Babby, however, was not interested in talking about Dudley's contract as an asset for future moves the team might or might not make.
"It would be disrespectful to him to suggest either in the negotiations, or in our own thinking, or even now, that the reason we do a deal like this is because we want to have the ability to move him. If we wanted to have the ability to move him, we wouldn't have signed him in the first place. We signed him to be a part of this franchise," Babby replied before also leaving that door just a bit ajar.
"That's not to say circumstances aren't going to change, of course. You never know."
Asked specifically about a common theme in signing similar players to similar deals, Babby again deflected.
"You're giving us more credit than we deserve. I don't know that we have a theme. We just try and make good decisions everyday, (and) figure out how to get better and do things that in the long term and short term are in the best interest of the franchise. Time will tell how many of those we get right and how many we get wrong. But if I had a brilliant, long-term plan, I wouldn't share it with you anyway."
Jared Dudley was excited about his deal. He's a happy man today after coming to agreement with the Phoenix Suns.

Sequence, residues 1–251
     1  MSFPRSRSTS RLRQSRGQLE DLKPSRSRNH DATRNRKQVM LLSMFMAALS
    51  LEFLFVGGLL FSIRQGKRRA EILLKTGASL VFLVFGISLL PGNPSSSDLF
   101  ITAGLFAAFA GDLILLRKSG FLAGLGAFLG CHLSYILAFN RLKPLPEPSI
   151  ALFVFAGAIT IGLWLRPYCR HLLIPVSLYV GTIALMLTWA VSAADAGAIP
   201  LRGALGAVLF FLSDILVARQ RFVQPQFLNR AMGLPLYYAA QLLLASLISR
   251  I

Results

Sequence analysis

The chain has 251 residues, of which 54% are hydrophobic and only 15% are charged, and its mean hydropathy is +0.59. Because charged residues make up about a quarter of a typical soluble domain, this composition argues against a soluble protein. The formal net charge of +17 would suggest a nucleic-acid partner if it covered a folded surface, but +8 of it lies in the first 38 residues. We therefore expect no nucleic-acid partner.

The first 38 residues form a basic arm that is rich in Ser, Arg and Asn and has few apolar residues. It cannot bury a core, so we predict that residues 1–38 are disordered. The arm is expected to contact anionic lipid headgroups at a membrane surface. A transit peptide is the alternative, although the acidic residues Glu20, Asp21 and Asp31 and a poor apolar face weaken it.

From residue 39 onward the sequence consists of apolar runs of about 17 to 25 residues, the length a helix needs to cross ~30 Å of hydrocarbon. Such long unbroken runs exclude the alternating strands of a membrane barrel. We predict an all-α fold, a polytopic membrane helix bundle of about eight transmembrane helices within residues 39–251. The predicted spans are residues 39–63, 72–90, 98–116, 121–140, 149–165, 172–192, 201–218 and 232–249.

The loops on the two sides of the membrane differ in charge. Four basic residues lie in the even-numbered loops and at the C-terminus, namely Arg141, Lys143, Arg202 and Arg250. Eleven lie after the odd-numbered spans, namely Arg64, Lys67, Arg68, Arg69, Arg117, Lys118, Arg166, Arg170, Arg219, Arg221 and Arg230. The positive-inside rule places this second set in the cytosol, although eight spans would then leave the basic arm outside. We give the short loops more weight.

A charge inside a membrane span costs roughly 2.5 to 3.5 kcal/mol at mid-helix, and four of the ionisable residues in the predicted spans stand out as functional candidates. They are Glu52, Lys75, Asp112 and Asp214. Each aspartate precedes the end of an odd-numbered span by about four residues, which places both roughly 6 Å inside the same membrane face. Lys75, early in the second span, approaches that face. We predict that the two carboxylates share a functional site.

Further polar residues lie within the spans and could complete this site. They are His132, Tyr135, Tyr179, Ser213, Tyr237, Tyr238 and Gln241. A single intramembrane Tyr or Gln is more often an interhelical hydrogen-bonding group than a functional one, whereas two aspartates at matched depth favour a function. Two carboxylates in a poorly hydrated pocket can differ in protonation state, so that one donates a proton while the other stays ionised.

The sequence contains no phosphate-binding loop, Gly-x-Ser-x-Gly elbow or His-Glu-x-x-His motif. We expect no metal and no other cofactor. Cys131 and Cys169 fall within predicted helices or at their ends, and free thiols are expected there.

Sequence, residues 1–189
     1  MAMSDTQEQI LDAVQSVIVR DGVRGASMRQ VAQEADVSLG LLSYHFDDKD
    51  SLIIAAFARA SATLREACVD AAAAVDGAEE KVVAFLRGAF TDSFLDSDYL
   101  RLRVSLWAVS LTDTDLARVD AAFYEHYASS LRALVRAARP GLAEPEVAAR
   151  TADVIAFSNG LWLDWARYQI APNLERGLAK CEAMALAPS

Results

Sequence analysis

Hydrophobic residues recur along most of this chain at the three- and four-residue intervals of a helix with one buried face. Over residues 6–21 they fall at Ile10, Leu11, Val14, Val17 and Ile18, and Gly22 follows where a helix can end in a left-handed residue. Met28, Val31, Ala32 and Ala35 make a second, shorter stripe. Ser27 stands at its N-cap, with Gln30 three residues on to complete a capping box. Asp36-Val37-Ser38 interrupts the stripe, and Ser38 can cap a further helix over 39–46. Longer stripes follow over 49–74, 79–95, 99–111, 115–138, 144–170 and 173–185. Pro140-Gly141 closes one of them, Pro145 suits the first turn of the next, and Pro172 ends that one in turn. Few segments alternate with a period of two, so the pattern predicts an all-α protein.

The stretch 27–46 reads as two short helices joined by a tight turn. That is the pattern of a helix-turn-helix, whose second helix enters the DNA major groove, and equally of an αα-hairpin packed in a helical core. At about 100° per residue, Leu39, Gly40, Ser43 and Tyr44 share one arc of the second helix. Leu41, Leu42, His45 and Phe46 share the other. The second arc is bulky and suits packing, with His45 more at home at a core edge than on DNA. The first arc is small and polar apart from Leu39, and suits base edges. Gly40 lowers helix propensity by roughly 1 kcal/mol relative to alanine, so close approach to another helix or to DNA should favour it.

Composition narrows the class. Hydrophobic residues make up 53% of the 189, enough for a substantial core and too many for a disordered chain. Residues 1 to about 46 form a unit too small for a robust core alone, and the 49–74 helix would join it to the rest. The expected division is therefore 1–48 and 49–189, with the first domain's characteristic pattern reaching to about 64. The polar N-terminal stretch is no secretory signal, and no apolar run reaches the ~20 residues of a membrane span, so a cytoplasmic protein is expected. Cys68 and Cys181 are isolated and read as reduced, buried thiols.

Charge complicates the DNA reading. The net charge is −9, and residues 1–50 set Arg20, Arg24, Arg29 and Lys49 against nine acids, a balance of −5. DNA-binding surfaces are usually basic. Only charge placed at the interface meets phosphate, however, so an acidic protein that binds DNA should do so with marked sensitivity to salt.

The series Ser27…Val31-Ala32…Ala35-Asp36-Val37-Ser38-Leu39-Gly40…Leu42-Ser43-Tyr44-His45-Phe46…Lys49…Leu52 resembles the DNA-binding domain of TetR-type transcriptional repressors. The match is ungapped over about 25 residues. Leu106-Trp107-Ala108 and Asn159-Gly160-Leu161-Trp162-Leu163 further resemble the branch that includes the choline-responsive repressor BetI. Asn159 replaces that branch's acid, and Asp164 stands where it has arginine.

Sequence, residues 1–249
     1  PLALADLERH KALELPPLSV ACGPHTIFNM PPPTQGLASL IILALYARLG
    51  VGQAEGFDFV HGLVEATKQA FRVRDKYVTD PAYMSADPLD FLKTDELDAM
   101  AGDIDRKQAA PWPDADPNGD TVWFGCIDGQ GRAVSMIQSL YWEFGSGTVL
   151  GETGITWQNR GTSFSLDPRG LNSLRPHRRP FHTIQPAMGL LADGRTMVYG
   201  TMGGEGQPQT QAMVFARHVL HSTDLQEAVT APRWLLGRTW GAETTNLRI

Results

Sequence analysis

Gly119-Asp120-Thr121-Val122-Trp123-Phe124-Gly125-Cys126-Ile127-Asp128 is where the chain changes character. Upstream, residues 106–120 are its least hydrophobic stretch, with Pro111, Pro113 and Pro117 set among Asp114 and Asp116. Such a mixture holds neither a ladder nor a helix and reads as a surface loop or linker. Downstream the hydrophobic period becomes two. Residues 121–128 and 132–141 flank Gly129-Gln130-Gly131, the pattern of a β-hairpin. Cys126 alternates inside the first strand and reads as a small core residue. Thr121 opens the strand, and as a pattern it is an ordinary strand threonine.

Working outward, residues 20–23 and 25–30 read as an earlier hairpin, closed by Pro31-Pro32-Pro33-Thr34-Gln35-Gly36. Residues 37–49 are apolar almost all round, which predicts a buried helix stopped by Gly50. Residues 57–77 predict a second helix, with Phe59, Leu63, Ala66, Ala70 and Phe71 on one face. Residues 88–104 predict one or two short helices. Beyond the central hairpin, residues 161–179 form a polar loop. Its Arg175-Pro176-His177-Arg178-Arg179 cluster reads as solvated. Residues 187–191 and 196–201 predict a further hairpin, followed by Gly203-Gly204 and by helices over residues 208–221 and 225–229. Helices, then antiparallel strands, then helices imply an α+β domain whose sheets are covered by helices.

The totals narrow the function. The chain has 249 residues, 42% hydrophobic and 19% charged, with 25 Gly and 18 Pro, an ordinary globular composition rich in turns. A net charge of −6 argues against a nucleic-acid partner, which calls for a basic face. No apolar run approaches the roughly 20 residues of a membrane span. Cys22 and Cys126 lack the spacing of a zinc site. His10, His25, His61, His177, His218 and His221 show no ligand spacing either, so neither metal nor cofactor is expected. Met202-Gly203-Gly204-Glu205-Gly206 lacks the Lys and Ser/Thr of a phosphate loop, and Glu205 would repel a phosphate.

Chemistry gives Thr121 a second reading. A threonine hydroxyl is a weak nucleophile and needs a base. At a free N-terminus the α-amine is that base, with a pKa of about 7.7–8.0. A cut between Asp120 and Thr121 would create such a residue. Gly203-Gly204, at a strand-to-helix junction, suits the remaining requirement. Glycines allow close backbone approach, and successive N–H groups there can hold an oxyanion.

The deal itself came right down to the wire, with Jared speeding in to the Suns offices from his home to get the deal signed in time to meet the league's deadline. Jared said he signed the agreement at 8:52 p.m., leaving just eight minutes to spare.
The Suns forward was excited about the process, saying he hadn't eaten last night and didn't get much sleep. He was grateful to the Suns and his coach, Alvin Gentry, for giving him the opportunity to play and vowed that he would continue to work on improving his skills.
"It's just the beginning. This deal's a long time, but I can still get better. I just turned 25. I know, kind of get a sense of how to play in this league -- offensively, defensively, knowing the refs, knowing players' tendencies -- and you're going to see the growth of me these next three or four years," Dudley said.